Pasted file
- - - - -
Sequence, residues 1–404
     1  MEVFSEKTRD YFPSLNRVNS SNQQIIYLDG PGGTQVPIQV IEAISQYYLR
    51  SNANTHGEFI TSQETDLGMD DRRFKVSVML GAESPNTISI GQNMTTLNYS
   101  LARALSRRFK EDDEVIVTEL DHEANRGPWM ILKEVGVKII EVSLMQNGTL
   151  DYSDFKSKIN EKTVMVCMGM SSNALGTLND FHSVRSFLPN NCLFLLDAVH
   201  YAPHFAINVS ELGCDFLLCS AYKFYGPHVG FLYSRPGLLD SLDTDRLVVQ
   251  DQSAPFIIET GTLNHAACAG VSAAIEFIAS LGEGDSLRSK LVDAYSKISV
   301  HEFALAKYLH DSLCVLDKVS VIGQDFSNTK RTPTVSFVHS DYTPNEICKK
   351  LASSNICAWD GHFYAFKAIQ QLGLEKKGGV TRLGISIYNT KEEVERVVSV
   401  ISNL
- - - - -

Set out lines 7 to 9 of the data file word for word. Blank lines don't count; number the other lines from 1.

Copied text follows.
   251  DQSAPFIIET GTLNHAACAG VSAAIEFIAS LGEGDSLRSK LVDAYSKISV
   301  HEFALAKYLH DSLCVLDKVS VIGQDFSNTK RTPTVSFVHS DYTPNEICKK
   351  LASSNICAWD GHFYAFKAIQ QLGLEKKGGV TRLGISIYNT KEEVERVVSV